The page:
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Bird is the word

Posted on June 30, 2015 by Sunny South News

By Stan Ashbee
Sunny South News

Southern Albertans have no doubt heard about the Alberta Birds of Prey Centre located in Coaldale.
But, now it’s time to meet some of the dedicated staff and noteworthy winged guests at the summer tourist attraction. The centre is open daily from 9:30 a.m. to 5 p.m. and seven days a week until Sept. 10.
At the beginning of May, staff member Nicole Shaw began her stint at the Alberta Birds of Prey Centre. Shaw is a Lethbridge College student, enrolled in the Environmental Science program.
“I thought this was a good fit here. Most of the staff members are actually from the college or the university. Mostly, in the environmental program and the veterinarian program, as well,” noted Shaw, as she provided a walking tour of the facility.
Shaw said it has been really great, so far, being a part of the local nature centre’s team.
“Everyday in June we’ve been having a tour. We’re really booked for June and a little bit of July. It’s just mostly educating school children from Grade 2 all the way up to Grade 6, even Kindergarten students. We usually take them on the Hawk Walk first and then we grab some owls and we talk about each of the owls. Just about, if they are native here and what they like to eat. Just what kids would enjoy. We usually pick up Basil, which is a Burrowing Owl and Edgar, which is a Barn Owl. We let the kids touch them and we talk about some stories of how they got here,” Shaw explained.
According to Shaw, Burrowing Owls are an endangered species and the centre is home to a breeding program.
“Where we’re trying to help raise their numbers back up. Basil, I believe he was brought into the centre in 2013 and he’s used for educational purposes. Bringing awareness that these guys are an endangered species. They like to live in badger holes. Often, they will be hit by vehicles or just pesticides will get them because these guys like to eat grasshoppers. They are found in farmers’ fields or whatever and of course they will use pesticides to control the grasshoppers and these guys will come around and eat them,” said Shaw, as she held Basil for a few moments.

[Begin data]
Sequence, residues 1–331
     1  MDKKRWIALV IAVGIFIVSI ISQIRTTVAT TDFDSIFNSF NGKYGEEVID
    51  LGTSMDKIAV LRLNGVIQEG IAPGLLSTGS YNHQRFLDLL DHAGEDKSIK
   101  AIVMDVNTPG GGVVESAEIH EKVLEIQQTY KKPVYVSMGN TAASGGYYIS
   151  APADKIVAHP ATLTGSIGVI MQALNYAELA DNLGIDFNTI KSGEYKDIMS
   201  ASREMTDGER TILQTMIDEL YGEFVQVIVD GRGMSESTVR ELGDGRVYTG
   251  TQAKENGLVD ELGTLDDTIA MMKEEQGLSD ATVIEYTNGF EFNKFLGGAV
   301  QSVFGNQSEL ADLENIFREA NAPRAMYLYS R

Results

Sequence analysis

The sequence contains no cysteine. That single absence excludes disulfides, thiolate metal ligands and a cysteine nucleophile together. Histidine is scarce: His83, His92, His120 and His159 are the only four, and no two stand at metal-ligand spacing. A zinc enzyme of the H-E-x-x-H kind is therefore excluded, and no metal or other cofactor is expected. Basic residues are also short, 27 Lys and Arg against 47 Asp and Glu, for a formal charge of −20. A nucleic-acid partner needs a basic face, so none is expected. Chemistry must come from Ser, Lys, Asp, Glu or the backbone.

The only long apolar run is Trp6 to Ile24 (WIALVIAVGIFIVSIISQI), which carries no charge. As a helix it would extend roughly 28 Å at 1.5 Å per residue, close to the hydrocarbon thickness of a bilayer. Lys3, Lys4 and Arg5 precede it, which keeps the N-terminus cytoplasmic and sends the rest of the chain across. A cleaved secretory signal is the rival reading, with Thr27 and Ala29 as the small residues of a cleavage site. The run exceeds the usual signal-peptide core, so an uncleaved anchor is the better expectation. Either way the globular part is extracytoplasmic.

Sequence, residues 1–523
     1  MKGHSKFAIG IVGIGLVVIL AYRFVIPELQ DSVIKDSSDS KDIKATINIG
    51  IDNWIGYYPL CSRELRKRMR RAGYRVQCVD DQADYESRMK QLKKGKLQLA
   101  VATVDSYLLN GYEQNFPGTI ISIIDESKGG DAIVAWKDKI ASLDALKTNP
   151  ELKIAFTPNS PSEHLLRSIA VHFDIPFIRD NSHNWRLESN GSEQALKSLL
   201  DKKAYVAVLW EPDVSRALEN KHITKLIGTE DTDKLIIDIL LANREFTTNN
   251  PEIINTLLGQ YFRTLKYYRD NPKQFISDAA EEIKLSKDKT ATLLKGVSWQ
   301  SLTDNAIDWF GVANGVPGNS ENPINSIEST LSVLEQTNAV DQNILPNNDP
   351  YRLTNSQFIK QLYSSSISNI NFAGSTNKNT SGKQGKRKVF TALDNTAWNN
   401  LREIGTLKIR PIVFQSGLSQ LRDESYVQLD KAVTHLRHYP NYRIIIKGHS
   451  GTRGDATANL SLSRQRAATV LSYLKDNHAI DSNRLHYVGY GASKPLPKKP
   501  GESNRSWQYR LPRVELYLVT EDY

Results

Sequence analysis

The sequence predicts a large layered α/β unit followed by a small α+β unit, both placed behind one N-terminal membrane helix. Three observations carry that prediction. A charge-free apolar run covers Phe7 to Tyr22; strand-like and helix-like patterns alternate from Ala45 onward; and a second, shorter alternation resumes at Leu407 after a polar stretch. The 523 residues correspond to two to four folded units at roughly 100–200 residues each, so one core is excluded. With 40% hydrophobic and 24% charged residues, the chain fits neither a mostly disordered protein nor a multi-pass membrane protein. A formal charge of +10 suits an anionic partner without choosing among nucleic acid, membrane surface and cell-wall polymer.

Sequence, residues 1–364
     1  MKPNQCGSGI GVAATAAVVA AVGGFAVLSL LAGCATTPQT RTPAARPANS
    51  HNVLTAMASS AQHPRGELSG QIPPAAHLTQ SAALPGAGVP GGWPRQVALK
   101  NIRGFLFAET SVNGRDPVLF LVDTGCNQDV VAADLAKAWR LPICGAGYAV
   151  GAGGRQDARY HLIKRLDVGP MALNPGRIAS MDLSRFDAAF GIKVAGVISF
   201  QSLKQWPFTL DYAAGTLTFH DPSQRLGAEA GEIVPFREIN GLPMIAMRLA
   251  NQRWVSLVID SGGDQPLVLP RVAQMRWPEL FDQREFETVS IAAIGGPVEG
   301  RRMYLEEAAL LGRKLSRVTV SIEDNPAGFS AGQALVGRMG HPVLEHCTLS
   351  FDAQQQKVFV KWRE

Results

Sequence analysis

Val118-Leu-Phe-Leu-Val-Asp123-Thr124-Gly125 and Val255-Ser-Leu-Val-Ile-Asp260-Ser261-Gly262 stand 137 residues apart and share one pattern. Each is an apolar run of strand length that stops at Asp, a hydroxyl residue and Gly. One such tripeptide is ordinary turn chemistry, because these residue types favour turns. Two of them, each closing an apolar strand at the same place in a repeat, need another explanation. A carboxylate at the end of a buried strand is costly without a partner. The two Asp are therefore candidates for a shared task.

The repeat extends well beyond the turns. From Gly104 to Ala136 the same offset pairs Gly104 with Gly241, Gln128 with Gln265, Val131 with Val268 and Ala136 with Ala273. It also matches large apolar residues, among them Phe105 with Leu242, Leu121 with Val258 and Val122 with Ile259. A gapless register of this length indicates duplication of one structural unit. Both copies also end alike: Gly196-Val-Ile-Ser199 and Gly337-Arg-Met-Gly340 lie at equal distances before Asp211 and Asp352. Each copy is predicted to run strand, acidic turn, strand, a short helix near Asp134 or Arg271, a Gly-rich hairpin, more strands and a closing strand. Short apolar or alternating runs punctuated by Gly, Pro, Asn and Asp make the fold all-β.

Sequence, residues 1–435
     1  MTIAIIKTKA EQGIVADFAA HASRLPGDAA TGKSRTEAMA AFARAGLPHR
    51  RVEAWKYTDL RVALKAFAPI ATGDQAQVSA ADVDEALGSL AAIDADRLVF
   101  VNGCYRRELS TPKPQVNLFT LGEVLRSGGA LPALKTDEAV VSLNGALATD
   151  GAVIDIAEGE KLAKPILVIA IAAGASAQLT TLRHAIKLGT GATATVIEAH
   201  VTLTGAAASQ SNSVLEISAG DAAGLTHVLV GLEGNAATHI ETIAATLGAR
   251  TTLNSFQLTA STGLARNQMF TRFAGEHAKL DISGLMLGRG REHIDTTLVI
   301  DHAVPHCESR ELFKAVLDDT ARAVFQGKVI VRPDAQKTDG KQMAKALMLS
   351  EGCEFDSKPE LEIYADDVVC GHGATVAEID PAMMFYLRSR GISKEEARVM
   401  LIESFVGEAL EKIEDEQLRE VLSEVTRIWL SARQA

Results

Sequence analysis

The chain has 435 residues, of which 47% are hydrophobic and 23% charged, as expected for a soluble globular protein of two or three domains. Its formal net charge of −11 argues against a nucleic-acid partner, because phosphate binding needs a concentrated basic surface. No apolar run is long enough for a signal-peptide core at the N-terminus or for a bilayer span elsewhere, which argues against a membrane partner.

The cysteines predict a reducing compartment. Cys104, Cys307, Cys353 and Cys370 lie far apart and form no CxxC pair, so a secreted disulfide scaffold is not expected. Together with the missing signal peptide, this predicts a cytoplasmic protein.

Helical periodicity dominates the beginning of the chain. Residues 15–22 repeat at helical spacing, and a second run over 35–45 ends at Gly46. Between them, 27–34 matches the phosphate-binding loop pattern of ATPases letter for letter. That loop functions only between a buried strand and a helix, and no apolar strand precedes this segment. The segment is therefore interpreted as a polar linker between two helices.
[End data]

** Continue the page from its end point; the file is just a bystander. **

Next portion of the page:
Alberta Birds of Prey Centre is also home to a pair of Great-Horned owls, brought into the centre because the two were found orphaned. The owls each have a broken wing from being hit by vehicles.
“Their mom never returned for them. Some people were watching the nest and they brought them in. We’re hoping we’re going to try and release them back in the fall,” said Shaw.
Shaw noted the centre gets between 100-200 birds every summer and the centre’s goal is to release as many as possible when it is believed the birds are ready to go back into the wild, usually in the fall.
According to Shaw, the centre doesn’t receive any government subsidies and relies on donations and the admission fee into the centre.
“That’s why we like many people to come in. We always say, tell your friends, because that’s a way of helping with the centre and helping us release a lot of birds. We do have a rehabilitation centre in the back, where we have most of our other owls, hawks and eagles — where we try and help them get healthy again,” she said.
One donation, from a local hatchery in Lethbridge, provides the centre with day-old male chicks.
“That saves us about $1,000 every day. We gladly accept donations because these guys go through a lot of food,” said Shaw.
Another way the centre raises funds is through bird sponsorship, including the Great-Horned owls Missy and Echo and even Basil, the Burrowing Owl.
“Anybody can come in and sponsor a bird. It doesn’t matter the amount they want to. We’ll send them a little letter saying thank you and it’s a good way for the kids to know they are helping out the birds here at the centre and it gladly, helps us,” said Shaw.
As for the future of the centre, Shaw said, new pens are being built to allow for more birds to be brought in.
“Because quite a few of the birds have injuries. Usually broken wings from vehicle collisions,” said Shaw.
She added birds typically come from around southern Alberta but some birds come in from all across Canada.

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